Basic premise for Claire Miller's Monday NYT piece on tech startups = "you need more of a business model that ad revenue off eyeballs". My favorite quote on the subject comes from Jeff Bonforte, CEO of Xobni (a search tool/functional layer for Outlook):
"Ads are an inefficient business model, making indirect revenue as a result of behavior and advertising to people who don't want to see them or for whom they're irrelevant."
You had to got here, didn't you? No really. We are seeing lots of really interesting (free) tools emerging from the mist to help savvy marketers track their meme-contrails in digi-space. A host of them I've used in the past week:
Backtweets.com: Enables you to track WHO has sent a particular URL around, as well as the method folks used (email, IM, twitter, etc.). Great way to see not only what's buzzing but who's buzzing about it.
Tweepz: Lot of folks let you search the content of tweets, Tweepz let's use search Twitter profiles for user's particular predilictions - the only problem being, of course, that the tool will only let you search what they've chosen to make explicit, and yes, Virginia, tastes changes and not everyone reveals everything - still, great as a directional tool and one that lets you rank by #followers, #following, etc.
Bit.ly+: I'm still reeling with this one - grab any bit.ly URL, add a '+' after it and drop it in your browser bar and get all the info behind that link. Given their default position within twitter (and tweetdeck) this is the first of many analytics tools for tracking mini-URL propagation, and giving folks a glimpse into the new frontier of real time idea propagation.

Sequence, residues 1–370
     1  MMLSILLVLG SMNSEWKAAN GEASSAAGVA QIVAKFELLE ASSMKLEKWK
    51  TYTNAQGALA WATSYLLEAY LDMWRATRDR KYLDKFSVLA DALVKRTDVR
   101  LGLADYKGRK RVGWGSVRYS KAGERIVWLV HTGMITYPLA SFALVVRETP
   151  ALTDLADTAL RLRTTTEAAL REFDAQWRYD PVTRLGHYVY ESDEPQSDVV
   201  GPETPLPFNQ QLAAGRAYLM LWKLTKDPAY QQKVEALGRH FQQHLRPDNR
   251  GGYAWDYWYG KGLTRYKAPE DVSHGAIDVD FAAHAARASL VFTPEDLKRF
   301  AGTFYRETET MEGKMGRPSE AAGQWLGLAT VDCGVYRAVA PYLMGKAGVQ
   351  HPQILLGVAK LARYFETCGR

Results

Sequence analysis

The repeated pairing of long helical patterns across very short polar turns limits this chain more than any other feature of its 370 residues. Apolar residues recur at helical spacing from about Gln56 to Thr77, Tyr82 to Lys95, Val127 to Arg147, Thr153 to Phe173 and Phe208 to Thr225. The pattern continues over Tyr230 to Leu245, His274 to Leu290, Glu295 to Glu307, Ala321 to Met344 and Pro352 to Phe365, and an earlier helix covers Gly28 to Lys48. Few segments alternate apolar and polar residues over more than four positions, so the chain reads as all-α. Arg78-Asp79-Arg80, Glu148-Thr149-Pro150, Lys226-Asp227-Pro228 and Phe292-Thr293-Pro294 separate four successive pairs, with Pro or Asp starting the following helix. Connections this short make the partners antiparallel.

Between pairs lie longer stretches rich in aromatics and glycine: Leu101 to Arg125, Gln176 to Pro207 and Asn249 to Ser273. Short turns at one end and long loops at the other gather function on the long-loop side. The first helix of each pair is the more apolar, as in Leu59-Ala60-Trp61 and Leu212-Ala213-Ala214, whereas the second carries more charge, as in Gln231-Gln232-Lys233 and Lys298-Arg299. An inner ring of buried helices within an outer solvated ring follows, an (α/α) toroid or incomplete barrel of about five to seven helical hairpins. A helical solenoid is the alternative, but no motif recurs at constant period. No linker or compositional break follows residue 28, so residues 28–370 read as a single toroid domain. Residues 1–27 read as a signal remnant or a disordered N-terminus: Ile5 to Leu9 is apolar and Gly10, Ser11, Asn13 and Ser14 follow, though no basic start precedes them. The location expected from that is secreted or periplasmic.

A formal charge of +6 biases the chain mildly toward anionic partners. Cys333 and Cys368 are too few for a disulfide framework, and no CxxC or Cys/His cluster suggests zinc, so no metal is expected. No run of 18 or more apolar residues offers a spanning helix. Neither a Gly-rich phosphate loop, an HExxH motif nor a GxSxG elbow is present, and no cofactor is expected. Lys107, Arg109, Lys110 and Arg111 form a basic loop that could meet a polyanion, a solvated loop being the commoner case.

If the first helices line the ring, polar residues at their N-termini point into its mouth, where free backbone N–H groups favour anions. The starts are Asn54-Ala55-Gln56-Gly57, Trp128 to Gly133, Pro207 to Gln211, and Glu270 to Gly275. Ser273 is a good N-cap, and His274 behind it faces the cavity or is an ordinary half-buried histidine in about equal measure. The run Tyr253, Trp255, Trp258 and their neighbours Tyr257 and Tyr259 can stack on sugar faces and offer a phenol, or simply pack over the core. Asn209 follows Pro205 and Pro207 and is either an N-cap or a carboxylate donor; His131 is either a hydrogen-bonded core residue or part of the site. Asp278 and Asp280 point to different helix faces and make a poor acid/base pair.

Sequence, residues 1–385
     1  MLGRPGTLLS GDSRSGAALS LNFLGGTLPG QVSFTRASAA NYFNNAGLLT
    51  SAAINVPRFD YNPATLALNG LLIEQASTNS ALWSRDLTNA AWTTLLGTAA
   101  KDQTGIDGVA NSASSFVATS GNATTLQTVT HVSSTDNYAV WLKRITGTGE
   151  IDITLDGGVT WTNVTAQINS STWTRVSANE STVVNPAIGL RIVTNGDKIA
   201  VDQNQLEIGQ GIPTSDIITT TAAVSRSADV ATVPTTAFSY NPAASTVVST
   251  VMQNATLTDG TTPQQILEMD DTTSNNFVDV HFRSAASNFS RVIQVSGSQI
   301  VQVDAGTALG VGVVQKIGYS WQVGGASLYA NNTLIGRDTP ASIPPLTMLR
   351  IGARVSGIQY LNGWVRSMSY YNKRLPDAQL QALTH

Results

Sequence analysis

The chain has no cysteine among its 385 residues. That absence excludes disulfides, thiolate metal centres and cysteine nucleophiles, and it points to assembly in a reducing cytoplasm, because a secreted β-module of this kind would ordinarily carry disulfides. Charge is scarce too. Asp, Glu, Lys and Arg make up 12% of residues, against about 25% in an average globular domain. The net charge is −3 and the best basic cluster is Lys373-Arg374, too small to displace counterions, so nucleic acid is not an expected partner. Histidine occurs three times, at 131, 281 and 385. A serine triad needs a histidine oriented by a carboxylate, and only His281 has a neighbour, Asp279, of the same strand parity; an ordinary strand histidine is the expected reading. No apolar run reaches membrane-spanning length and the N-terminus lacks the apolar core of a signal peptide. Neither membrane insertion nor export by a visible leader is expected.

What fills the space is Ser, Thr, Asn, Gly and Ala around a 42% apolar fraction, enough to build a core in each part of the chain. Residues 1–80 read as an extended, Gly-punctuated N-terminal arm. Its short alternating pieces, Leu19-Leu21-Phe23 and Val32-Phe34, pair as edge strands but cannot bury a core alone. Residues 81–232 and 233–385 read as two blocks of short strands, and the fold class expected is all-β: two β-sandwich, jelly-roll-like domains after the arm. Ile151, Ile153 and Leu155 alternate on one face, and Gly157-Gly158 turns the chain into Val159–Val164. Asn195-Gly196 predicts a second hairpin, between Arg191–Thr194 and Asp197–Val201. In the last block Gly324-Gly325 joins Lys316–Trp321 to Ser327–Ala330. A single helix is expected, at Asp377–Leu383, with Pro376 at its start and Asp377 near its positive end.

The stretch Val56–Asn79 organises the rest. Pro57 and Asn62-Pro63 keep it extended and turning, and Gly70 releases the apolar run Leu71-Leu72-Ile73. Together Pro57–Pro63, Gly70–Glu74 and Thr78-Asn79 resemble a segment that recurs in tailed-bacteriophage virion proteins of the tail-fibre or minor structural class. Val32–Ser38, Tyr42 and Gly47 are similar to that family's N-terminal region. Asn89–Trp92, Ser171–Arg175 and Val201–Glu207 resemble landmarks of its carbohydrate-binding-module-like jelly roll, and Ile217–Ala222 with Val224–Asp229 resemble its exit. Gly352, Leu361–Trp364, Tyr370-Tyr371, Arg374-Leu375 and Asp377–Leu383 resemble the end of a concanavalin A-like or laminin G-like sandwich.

"Think" blog author John Borthwick, CEO of Betaworks, wrote a fascinating piece entitled "Distribution...now", about the emergence of the "Now" web - an interactive experience fed by the flow (or streams) of real time data. It's well worth the read, and here's some bits:
"Dave Winer put it this way: 'think about
Twitter as a rope of information — at the outset you assume you can
hold on to the rope. That you can read all the posts, handle all the
replies and use Twitter as a communications tool, similar to IM — then
at some point, as the number of people you follow and [that] follow you rises
— your hands begin to burn. You realize you can't hold the rope you need
to just let go and observe'
...[data stream] context is provided mostly via social
interactions and gestures. People send out a message...[their] network pick up from
there. The message is re-tweeted, favorite’d, liked or
re-blogged, appropriated with attribution to creator or the
spins, picking up velocity and more context as it swirls."